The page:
On September 24, more than 200 National Football League (NFL) players protested during the national anthem. They sat, knelt, or raised a fist. Some locked arms on the sidelines. Three teams stayed in the locker room.
In 2016, Colin Kaepernick played for the San Francisco 49ers. He knelt during the anthem. He did it to protest racism and injustice. This fall, the protest grew widespread after President Donald Trump spoke at a rally on September 22. “Wouldn’t you love to see one of these NFL owners, when someone disrespects our flag, to say . . . ‘He’s fired!’” Many Americans believe the protests show disrespect for the U.S. Trump was speaking for them.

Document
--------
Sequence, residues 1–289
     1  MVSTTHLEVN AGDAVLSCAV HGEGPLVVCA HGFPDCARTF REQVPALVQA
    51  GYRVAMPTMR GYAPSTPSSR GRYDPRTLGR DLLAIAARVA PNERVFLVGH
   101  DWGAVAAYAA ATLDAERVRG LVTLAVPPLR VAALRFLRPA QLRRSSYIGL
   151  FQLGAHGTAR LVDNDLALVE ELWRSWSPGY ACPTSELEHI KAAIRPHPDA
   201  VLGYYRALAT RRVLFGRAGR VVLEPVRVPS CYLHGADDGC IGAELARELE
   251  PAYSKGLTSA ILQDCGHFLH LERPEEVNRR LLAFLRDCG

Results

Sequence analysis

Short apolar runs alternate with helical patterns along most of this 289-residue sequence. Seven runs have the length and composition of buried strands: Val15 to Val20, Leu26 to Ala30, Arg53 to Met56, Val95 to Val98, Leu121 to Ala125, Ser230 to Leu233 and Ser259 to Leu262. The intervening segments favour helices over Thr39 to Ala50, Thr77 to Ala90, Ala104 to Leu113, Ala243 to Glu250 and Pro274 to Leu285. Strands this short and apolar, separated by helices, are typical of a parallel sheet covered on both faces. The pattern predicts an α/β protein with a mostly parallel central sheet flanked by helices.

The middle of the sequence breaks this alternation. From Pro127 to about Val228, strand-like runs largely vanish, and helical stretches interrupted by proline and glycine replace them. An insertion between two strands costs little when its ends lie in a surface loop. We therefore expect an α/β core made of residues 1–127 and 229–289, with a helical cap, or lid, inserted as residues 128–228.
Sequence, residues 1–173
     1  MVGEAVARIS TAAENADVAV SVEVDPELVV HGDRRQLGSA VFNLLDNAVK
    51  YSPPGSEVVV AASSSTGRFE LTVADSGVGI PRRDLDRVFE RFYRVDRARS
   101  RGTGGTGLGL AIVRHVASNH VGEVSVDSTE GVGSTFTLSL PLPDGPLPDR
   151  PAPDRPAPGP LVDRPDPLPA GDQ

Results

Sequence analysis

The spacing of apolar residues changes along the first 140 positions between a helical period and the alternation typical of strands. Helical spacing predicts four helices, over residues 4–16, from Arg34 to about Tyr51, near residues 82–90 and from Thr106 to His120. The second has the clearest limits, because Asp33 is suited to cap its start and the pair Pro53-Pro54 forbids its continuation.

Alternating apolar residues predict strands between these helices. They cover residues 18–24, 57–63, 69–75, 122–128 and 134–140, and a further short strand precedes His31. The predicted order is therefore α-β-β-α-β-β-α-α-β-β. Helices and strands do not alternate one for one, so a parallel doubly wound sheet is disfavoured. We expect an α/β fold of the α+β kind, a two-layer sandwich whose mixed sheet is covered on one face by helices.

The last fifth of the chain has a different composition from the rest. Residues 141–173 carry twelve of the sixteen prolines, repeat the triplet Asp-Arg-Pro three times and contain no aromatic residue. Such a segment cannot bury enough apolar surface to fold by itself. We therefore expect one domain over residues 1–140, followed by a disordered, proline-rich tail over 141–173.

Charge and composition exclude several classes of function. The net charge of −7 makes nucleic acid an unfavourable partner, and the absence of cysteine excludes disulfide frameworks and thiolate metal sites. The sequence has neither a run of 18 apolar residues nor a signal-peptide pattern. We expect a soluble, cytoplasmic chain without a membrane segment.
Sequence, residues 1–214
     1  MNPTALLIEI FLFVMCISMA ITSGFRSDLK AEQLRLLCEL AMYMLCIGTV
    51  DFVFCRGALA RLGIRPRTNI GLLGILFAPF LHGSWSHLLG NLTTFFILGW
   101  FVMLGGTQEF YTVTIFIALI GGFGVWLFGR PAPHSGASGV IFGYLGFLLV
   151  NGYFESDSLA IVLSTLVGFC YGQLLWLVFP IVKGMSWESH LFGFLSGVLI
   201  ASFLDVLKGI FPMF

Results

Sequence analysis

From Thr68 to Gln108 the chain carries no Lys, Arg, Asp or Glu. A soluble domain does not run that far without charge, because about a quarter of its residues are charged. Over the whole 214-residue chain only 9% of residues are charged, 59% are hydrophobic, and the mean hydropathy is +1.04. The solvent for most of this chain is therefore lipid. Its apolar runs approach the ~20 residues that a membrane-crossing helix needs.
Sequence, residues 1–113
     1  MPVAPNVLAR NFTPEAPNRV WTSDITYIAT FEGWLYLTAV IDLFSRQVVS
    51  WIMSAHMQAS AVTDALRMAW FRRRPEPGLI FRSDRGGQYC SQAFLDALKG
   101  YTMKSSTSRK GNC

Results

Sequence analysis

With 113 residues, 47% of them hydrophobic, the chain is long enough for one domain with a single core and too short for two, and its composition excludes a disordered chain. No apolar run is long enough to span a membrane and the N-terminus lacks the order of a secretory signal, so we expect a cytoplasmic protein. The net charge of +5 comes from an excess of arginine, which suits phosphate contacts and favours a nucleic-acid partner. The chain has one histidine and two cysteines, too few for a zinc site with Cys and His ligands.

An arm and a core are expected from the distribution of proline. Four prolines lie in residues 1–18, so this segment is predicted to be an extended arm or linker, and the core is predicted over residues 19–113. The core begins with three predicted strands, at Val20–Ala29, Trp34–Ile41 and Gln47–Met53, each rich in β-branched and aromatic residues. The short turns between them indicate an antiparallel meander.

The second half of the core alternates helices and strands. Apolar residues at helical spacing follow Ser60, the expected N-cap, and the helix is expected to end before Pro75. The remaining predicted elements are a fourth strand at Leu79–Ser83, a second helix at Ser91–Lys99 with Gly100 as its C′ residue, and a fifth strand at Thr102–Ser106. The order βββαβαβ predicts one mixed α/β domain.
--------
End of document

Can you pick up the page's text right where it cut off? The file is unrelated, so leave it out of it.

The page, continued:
His remarks sparked discussion about the U.S. Constitution. The law protects you from being punished by the government for sharing your opinions. Many people support the players’ message. And many team owners support their right to share it. Robert Kraft owns the New England Patriots. He said players have a “right to peacefully . . . raise awareness in a manner they feel is most impactful.”
The NFL has stood by its players. Roger Goodell is the commissioner of the NFL. “I’m proud of our league,” he says.